Automatic Compilation of Logical Specifications into Efficient Programs

Abstract

We describe an automatic programmer, or “compiler” which accepts as input a predicate calculus specification of a set to generate or a condition to test, along with a description of the underlying representation of the data. This compiler searches a space of possible algorithms for the one that is expected to be most efficient. We describe the knowledge that is and is not available to this compiler, and its corresponding capabilities and limitations. This compiler is now regularly used to produce large programs. 1. Int reduction This work is motivated by a desire to help programmers do their job better, i.e., more easily and quickly create and modify programs that are more efficient, correct and understandable. Our approach follows the well-travelled route of supplying a “higher level language” which allows a programmer to say more of what he wants the machine to do and less of the details of how it is to be done. This leads to programs that are shorter, easier to understand and modify, and contain fewer bugs. However, higher level languages tend to degrade efficiency, since their compilers fail to make many optimizations that a human might make. In fact, some optimizations cannot even be expressed in the higher level language. Our higher level language, APS, is an extension of lisp in which programs can be written with much less commitment to particular algorithms or data representations. This is a benefit to the degree (which we believe is quite large) that programmers spend their effort dealing with these issues. One way to avoid thinking about data representation is to use a single powerful representation for all data. To some extent this is the approach of APL [Pakin 681, PROLOG [Clocksin 841 and Relational Databases [Ullman 821. This unfortunately results in a large performance penalty. APT, SETL [Schonberg 811 and MRS [Genesereth 811 provide the illusion of a uniform relational representation, but avoid the penalty by representing different relations with different data structures. APT goes further by accepting ‘*specifications” that contain compound well-formed formulas (wffs). Its compiler assumes the responsibility of finding good algorithms to ‘This research was supported by the Defense Advanced Research Projects Agency under contract No. MDAtXX3 81 C 0335. Mews and conclusions contained in this report are the authors’ and should not be interpreted as representing the official opinion or policy of DARPA, the U.S. Government, or any person or agency connected with them. implement these specifications. Another advantage of multiple representations, though not the focus of this paper, is that new things can be regarded as data, e.g., the + function may be regarded as a relation which is true of infinitely many tuples. APT compiles uses of such relations into computations rather than data structure accesses2 The compilation process is not entirely done by the machine. The programmer must provide a small amount of “annotation”, which is not part of the actual specification. The most important annotations tell AP5 how to represent the data. If the predefined representations are inadequate, he can add new ones. The compiler searches a space of algorithms appropriate for the given representations. Its job is to find the most efficient one that meets the specification. of course, the variablity of the representations makes this job much more difficult. This paper describes how the compiler does its job. The following programming methodology seems to work well for APT: First the programmer writes a specification. Next he adds annotations that select general (but inefficient) data representations. The result is compiled into a prototype that can be tested on small examples. (Even specifications contain bugs!) Finally he optimizes the prototype by changing the most critical annotations. 2. Example Suppose we want a program to find the nephews of an input person. The data is a set of people along with the sex and parents of each. For simplicity we define a nephew as the son of a sibling (not including the son of a brother-inlaw or sister-in-law), and we define siblings to include halfbrothers and half-sisters. Figure 2-1 shows a sample lisp program for this task, and figure 2-2 shows a corresponding AP5 program. The APT program contains two wffs, one as a definition for the Sibling relation and the other as a specification of the objects desired as output. Wffs are represented in prefix notation. The quantifiers tl and 3 are represented by the symbols All and Exists. The connectives, A, V, -, etc. are represented by the symbols “and”, “or“, “not”, etc. Comparison of these two programs reveals that the lisp program specifies both a data representation and an algorithm while the APT program only specifies the result to 2Computations can also express the intent of recursive definitions, which AP5 prohibits because they allow multiple interpretations. 20 / SCIENCE From: AAAI-86 Proceedings. Copyright ©1986, AAAI (www.aaai.org). All rights reserved. (Defun list-nephews (person) ; Algorithm: ; (1) get the parents of person, ; (2) get their children, excluding the . input person (siblings) i (3) get their children (nephews and nieces) ; (4) filter out the nieces ; (5) remove dupl icate nephews ; Representation: ; persons are symbols (with property lists) ; ii": x 'parents) is a list of x’s parents 'children) is a list of x's children ; (git i 'sex) is x's sex (remove-duplicates (loop for parent in (get person 'parents) nconc (loop for sibling in (get parent 'children) unless (eq person sibling) nconc (loop for nephew in (get sibling *children) when (eq (get nephew 'sex) 'male) ect nephew))))) -isp program to find nephews co1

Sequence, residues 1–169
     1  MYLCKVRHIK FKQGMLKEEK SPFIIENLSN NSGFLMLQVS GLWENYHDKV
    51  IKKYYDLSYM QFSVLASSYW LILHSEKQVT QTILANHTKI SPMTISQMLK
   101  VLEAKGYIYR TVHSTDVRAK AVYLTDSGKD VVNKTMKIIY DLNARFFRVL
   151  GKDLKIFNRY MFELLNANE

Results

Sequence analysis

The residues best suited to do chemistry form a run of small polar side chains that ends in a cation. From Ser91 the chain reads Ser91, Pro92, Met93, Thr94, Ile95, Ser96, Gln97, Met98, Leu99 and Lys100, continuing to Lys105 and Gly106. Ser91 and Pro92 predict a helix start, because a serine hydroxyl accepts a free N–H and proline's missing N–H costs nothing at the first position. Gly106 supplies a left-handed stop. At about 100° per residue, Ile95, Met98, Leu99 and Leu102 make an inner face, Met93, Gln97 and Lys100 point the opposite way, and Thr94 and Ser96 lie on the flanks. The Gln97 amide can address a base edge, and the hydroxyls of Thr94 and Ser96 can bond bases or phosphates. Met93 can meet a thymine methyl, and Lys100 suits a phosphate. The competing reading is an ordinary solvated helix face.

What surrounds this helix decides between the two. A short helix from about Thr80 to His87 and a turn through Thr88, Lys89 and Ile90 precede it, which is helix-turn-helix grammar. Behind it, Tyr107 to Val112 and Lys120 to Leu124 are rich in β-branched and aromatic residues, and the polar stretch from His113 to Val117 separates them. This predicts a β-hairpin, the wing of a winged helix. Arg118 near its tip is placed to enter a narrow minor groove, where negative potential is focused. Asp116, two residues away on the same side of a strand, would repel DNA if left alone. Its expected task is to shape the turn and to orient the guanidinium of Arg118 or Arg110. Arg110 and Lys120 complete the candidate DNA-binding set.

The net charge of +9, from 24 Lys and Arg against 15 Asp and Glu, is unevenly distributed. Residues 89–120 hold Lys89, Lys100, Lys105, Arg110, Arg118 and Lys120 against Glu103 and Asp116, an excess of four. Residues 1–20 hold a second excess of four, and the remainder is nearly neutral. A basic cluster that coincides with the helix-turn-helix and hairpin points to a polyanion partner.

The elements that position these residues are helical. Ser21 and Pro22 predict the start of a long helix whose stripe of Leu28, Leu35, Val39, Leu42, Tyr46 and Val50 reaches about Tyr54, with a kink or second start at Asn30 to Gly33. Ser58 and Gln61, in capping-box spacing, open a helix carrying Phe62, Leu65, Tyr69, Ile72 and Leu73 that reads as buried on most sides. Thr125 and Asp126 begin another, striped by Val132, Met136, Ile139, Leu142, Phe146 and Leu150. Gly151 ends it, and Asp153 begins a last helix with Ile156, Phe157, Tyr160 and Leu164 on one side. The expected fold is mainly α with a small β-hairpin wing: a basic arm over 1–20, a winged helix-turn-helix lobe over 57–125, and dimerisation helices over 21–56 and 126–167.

Topics

    0 Figures and Tables

      Download Full PDF Version (Non-Commercial Use)